Just when I started feeling less anxious because we had made it through the sermon with no loud noises or crying, we stood up for visitor recognition, and the pastor decided to call me out in front of the entire congregation by telling me they have a nursery, although my baby was very sweet–maybe the sweetest they’ve ever had. Color me embarrassed. Thanks for making sure I absolutely do not feel welcome.

Here’s the thing… I’ve waited this long to take Frederick to church (except when he was a month old and I was still in my hometown surrounded by the church family I grew up with) because I wanted to make sure that we both were ready. Frederick is a wonderful baby who is really only fussy when he’s hungry. So I went to church armed with a couple of bottles, looking for a pew in the back of the sanctuary so that I could get up quickly if he started getting loud unexpectedly. I totally understand how distracting an unruly or upset child can be–I’ve been in front of a couple. But to expect a brand new visitor to leave her four month old with perfect strangers?? Not okay. And to basically make me feel like I’M the one with the problem because I’m not willing to?? Not cool. I’ve been to churches with nurseries–however, I’ve never been to one where the nursery is mandatory. I’m not comfortable with that one bit.

So here are just a few of the reasons that Frederick will be with me on Sunday mornings for the foreseeable future:

1. I would have to be a nursery worker myself or be very familiar with the nursery staff to leave my baby. It seems there is a new report on the news about abuse or molestation of children every week, and 50% or more of those reports involved someone at a church. Call me paranoid, but I’m not trying to take those chances with my son. Messing with kids can change the course of their entire lives. And messing with my child would change the course of mine–it’d take a whole lot of prayer to keep me from “putting them paws on em” <–#dontjudgeme, I watch reality TV, lol! But seriously, just say no to pervs who pretend to be saintly and trustworthy who prey on little kids.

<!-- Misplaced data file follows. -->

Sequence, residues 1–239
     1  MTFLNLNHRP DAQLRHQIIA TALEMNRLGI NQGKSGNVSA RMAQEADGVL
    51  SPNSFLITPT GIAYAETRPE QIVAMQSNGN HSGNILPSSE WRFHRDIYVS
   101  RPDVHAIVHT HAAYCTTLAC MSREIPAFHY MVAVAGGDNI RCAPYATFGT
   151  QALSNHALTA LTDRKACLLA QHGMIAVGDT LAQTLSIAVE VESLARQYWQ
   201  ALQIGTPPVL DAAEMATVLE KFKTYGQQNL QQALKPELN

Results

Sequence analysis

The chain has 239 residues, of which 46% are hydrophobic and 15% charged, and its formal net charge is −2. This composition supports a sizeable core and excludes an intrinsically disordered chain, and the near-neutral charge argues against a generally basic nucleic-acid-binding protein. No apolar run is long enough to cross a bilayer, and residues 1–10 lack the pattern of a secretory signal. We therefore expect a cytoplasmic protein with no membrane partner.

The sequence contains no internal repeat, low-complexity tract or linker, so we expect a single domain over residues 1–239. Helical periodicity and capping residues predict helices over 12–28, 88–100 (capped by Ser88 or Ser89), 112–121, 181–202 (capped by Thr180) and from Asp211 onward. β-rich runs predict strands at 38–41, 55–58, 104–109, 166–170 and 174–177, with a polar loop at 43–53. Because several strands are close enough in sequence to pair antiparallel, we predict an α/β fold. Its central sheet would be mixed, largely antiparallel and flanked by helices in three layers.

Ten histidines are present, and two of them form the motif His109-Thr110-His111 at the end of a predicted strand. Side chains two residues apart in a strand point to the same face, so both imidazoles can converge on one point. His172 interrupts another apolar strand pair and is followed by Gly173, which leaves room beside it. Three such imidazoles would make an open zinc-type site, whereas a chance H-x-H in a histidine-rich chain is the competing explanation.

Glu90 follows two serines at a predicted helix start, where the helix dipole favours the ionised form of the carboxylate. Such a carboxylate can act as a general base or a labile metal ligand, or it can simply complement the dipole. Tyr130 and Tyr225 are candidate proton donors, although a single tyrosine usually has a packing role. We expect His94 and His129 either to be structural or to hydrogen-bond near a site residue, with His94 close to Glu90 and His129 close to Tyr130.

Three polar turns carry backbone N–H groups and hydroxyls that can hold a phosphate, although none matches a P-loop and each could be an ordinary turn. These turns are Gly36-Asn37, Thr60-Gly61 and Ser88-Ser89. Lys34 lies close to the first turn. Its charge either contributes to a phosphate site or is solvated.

2. I want my child to see me worshipping at church. He hears me singing my gospel songs all the time: when I’m trying to push through bad days, when I’m grateful for the life I have, or when I’m just making sure I still have the chops since I don’t use my talent very often. He sees me praying from time to time. He sees me reading the Bible for myself (although it’s usually online so he probably won’t actually identify what my physical Bible looks like… hmmm maybe I should pull it out sometimes as he gets older). And I read him Bible stories. I want him to see all of it because I’m his primary example.

3. Frederick needs to learn how to behave in different scenarios, and in church is one of them. He needs to see when it’s inappropriate to talk (how many adults do you know have side convos in the middle of the sermon? Precisely.), that he needs to be able to be still for a time period, and all the other things that come along with being at church or any other program where there are certain expectations. The only way to learn is to practice.

4. I hadn’t thought of it before reading this blog post about church nurseries, but the germs… I know Frederick is exposed to some at his primary childcare facility by virtue of just being around other people, but at least I know the procedures and precautions taken there.

So I’ll be writing a letter per my mom’s advice, and including this passage:

Then were there brought unto him little children, that he should put his hands on them, and pray: and the disciples rebuked them. But Jesus said, Suffer little children, and forbid them not, to come unto me: for of such is the kingdom of heaven. And he laid his hands on them, and departed thence. Matthew 19:13-15

Fashion Forwarding

Fashion Forwarding

Last week, I had the pleasure of being a media guest at the Atlanta Swapnista Party, which was cosponsored by Pretty Girls Rock Dresses, a movement I support and has had me way more conscious of being girly girl. The premise behind the event is to take your gently used (or still new–you know some of us still have clothes with the tags on buried in the closet) and swap them out. I mean, why not? You never know what you can find. When you get done with an item, forward it to someone who may love it as much as you once did.